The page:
An excellent site for educators, families, and students, the Smithsonian Institution covers a wide variety of topics, including the Arts and Science.  Educators have access to: great teaching materials, links to hundreds of on-line resources, and the collections that the world's largest museum has to offer teachers and students.

Posted on the State Education Department website - Social Studies Instructional Strategies and Resources for Pre-K - 6th grade.  This resource contains a collection of standards-based instructional units developed by elementary and intermediate level teachers, keyed to the five social studies standards, concepts, themes, and skills and includes classroom activities, teacher aids, interdisciplinary connections and suggested documents and resources selected by NYS teachers.

The Boston Museum of Science has a great site for teachers, parents, and kids. You can tour the museum and have fun with some interactive displays, including building a robot and learning about Leonardo daVinci.  Go into the exhibits section for these displays.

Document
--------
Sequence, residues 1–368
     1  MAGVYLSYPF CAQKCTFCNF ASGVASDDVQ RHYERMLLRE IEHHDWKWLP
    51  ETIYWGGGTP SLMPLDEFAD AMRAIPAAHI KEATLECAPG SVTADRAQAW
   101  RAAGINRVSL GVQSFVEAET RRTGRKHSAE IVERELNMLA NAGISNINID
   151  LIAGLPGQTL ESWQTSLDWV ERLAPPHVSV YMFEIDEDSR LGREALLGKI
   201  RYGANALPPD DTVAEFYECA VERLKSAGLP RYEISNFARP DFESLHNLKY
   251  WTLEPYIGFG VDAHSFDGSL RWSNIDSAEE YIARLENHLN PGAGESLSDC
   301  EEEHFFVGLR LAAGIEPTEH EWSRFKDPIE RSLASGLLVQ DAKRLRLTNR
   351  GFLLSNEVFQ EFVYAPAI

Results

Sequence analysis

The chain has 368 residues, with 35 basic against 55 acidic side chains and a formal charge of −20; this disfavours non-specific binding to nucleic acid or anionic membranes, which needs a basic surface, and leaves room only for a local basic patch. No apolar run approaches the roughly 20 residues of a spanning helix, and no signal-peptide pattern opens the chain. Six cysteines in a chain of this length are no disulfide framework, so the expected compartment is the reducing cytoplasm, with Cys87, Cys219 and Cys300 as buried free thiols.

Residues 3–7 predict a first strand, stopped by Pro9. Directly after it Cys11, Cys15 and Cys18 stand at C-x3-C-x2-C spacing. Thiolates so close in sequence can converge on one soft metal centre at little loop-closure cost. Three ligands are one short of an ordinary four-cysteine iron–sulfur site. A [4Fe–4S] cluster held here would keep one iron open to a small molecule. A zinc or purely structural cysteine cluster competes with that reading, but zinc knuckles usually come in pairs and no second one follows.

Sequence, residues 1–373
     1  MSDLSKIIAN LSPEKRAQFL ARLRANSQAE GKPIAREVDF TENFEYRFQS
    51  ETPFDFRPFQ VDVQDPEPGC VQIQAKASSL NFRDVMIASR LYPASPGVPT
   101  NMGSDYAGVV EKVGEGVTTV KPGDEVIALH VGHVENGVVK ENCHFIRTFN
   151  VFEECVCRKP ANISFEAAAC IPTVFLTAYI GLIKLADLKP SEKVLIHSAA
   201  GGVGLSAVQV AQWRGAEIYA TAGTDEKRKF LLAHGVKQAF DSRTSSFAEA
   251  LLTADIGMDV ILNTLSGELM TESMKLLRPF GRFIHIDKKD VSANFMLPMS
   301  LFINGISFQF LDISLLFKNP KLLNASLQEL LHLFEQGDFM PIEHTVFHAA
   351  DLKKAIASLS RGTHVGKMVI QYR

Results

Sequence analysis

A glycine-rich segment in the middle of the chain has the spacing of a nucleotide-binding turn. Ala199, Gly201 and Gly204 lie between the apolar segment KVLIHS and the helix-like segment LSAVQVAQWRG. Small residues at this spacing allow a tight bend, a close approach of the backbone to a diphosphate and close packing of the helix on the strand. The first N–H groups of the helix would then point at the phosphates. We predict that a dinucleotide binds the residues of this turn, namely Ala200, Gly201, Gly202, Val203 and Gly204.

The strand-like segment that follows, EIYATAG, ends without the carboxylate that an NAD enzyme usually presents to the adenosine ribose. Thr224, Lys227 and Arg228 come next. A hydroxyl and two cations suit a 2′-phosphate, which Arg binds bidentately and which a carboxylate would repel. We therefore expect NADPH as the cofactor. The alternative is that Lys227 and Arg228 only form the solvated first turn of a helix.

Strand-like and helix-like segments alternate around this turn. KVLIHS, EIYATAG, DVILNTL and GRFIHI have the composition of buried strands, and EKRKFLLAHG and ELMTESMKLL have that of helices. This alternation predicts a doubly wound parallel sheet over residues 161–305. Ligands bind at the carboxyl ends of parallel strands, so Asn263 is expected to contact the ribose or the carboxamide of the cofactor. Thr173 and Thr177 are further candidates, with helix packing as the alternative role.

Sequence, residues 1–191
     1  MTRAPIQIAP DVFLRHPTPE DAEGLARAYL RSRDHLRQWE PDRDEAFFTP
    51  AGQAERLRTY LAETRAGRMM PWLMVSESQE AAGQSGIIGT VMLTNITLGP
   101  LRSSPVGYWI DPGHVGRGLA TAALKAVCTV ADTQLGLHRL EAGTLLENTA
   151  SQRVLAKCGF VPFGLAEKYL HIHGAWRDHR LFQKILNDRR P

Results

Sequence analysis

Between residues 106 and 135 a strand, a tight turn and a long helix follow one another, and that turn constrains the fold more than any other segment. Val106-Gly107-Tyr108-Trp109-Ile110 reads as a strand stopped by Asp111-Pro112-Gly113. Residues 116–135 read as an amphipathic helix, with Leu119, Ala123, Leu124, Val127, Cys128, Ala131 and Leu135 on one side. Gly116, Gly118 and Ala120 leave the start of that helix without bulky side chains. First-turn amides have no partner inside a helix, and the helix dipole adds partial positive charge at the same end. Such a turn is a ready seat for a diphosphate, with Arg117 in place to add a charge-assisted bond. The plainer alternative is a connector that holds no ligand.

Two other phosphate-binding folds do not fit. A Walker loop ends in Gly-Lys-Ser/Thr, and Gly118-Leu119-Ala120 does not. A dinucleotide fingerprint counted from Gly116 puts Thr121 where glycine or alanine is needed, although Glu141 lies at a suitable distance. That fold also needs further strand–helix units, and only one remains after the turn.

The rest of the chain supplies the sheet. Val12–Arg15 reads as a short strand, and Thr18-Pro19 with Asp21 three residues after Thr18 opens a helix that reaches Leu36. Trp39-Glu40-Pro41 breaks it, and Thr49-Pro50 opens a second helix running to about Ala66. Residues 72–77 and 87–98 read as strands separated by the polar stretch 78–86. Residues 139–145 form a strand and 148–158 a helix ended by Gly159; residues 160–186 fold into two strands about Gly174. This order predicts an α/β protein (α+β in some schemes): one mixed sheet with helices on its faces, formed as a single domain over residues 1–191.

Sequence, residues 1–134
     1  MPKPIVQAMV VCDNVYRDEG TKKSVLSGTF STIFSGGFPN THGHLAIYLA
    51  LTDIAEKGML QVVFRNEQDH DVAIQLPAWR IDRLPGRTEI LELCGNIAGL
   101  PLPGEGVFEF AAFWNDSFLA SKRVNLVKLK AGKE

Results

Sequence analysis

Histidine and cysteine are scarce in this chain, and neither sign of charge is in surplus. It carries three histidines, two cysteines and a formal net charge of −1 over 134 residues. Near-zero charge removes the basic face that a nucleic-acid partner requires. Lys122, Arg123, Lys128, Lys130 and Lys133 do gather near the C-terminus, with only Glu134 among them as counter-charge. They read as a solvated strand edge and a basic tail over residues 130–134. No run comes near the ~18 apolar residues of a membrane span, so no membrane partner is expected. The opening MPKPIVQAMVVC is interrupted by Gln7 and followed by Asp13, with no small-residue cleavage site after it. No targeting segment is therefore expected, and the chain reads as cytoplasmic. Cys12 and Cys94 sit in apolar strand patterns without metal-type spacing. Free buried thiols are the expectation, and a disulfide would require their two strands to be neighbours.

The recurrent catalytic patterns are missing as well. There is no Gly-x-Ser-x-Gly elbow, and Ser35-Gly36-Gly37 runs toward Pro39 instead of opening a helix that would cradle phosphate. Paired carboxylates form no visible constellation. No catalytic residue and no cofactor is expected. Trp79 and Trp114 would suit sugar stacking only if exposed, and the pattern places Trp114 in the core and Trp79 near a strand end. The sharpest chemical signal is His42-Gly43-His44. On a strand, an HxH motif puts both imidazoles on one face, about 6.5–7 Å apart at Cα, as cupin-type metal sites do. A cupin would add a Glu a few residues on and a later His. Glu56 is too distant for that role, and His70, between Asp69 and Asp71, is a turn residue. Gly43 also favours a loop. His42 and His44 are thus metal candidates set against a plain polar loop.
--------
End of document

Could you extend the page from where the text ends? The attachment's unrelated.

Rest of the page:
ENC Focus is an electronic magazine.  Check this site regularly to see the topics of interest.

The American Museum of Natural History web page is an excellent place to get 'lost' in space or most any other type of Science.  Visit this site and find interactive projects, information on a large variety of disciplines in Science, and a multitude of other educational programs.  While surfing the AMNH site, I found the Aeronautics and Space Resource for Education - this NASA site is highly recommended!

A great source for ideas and information for teaching Math can be found at the Math Forum.  Teachers who have questions about specific Math concepts or who need ideas for projects will also enjoy this site.

Are you looking for a site that will help with a variety of lesson plans and that satisfies the New York State Standards?  Try this title 3 site.  Click on  lesson plans, type in the topic you want to teach, the grade level you are targeting and the subject.  You will get a list of lesson plans to choose from.